When the Tax Cuts and Jobs Act passed in 2017, changes were made to the tax treatment of Research and Development (“R&D”) costs codified in IRC Section 174. These changes have drawn attention recently because they apply to tax years starting on or after January 1, 2022. While we still hope that legislation will be passed before the end of the year to rescind or delay the changes, for now they are law, and we must work with them.
Changes to IRC Section 174
The most impactful of the changes is the removal of the option to deduct R&D costs in the year incurred. Until 2022, taxpayers had the option to either deduct or amortize their R&D expenses. Taxpayers must now amortize R&D costs over five years for domestic R&D, or 15 years for foreign R&D. On its surface, this change appears to be timing – a benefit spread over multiple years or taken immediately in the current year. However, the impact on overall tax position can be significant and unexpected.
Taxpayers who have significant R&D costs and have net operating losses (“NOLs”,) for example, may believe that their cash tax horizon may be several years out. Up until now, they have been able to balance their NOL carryforwards and R&D deduction to remain outside of federal tax paying status. With the Section 174 change, their careful tax planning may be out of balance.
Take a high-tech company (“HTC”) with the following fact pattern:
- $75M taxable revenue in 2022
- NOLs coming into 2022 of $25M
- R&D costs in 2022 $50M, made up of $20M domestic R&D, and $30M foreign R&D
- Corporate tax rate of 21% for simplicity
The following – greatly simplified – table summarizes the impact of the change for HTC:
* Simplified examples assumes NOLs are pre-2018 carryforwards not subject to 80% limitation, and amortization is the full year value (20% domestic, 6.7% international) rather than first year 50% value (10% domestic, 13.3% international).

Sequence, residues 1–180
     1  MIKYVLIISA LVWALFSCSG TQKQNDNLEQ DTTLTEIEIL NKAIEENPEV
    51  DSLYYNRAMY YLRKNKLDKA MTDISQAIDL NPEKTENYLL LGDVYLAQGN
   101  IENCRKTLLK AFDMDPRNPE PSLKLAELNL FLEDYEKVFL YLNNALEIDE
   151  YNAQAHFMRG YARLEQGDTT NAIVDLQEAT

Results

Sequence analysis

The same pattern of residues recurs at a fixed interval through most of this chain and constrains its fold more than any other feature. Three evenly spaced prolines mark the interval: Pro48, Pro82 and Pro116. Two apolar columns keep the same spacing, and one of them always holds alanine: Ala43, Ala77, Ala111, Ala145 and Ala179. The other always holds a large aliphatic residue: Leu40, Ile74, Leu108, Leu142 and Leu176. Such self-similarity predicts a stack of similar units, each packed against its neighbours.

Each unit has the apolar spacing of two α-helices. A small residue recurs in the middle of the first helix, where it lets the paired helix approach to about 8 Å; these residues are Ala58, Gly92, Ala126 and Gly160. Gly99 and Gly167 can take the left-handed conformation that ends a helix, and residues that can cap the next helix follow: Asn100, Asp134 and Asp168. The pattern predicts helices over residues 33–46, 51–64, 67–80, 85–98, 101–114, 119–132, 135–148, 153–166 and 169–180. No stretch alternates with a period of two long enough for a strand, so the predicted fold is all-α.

Under the old rules, HTC managed their R&D investment and tax position wisely and does not owe federal tax. The value of the $50M in R&D expenses is deducted in its entirety ($50M x 21% = $10.5M). This deduction, combined with the value of the NOLs reduces the tax owing to $0 ($15.75M – $5.25M – $10.5M). Under the new rules, the outcome is significantly different. The current-year value of the R&D expense is significantly reduced from $10.5M in the original scenario to about $1.3M ($20M/5 x 21% + $30M/15 x 21%) under the new rules. The net result for HTC is a tax bill over $9M that if not planned for, is a very unpleasant surprise.
Although out of the scope of this article, there may also be major tax impacts coming from other areas of tax like foreign tax credits, GILTI, and more.
Mitigate the Impact with R&D Tax Credits
Some taxpayers in HTC’s position may have chosen not to calculate R&D credits in the past because they did not see the value in the exercise. They did not owe tax, and R&D tax credits do not help if you do not owe tax. Since NOLs are used before credits, a similar assessment is done by many taxpayers with large NOLs that are slowly being used. Under the new rules, however, the significant reduction in the value of R&D costs as a way to reduce taxable income, means that R&D tax credits become essential.
Another interesting twist on the “should I claim R&D credits now” or “should I wait to claim R&D tax credits” question is the potential impact of Chief Counsel Advice Memorandum 20214101F (“CCA Memo”). As described on our prior blog, the CCA Memo introduces a whole host of requirements for amended returns for refund and potentially jeopardizes other non-R&D tax credit refund claims.
Since the process to claim R&D tax credits can be time consuming, there are some taxpayers that only go through a detailed study once every few years. The idea being they can save time and money since collecting the required information for one year is not that different from collecting it for several years at once. You speak with the same people and get the same reports. Often, they wait until they have exhausted their NOLs to claim many years at once, or they plan to amend returns for the years between studies. The CCA Memo requirements make claiming credits on original returns much more important. The new Section 174 rules mean that taxpayers who believe they have time before they use their NOLs really need to be sure. Amending a return for an R&D tax credit refund is not the simple process it once was.
The new Section 174 rules will be a rude awakening for many taxpayers. The tax horizon that was thought to be years away, may be much closer than you think. It is essential to assess the tax impact of the new Section 174 rules, mitigate with R&D tax credits, and avoid filing amended returns for refund due to R&D tax credits.